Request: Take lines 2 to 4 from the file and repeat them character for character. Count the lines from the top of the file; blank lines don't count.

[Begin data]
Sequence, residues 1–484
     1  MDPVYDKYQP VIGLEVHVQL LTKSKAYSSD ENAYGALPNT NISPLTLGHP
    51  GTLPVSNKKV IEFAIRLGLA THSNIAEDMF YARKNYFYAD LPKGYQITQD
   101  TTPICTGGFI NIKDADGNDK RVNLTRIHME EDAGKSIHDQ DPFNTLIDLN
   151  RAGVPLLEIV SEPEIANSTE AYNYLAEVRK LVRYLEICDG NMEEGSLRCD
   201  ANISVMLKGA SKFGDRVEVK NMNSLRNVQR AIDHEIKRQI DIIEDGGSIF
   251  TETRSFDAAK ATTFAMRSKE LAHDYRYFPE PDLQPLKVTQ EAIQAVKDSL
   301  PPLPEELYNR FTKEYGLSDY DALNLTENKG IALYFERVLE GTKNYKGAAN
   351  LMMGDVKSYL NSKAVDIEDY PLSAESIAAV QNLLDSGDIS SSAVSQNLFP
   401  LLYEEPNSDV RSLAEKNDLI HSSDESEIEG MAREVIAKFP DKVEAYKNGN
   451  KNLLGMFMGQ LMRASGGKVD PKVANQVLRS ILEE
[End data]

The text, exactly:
     1  MDPVYDKYQP VIGLEVHVQL LTKSKAYSSD ENAYGALPNT NISPLTLGHP
    51  GTLPVSNKKV IEFAIRLGLA THSNIAEDMF YARKNYFYAD LPKGYQITQD
   101  TTPICTGGFI NIKDADGNDK RVNLTRIHME EDAGKSIHDQ DPFNTLIDLN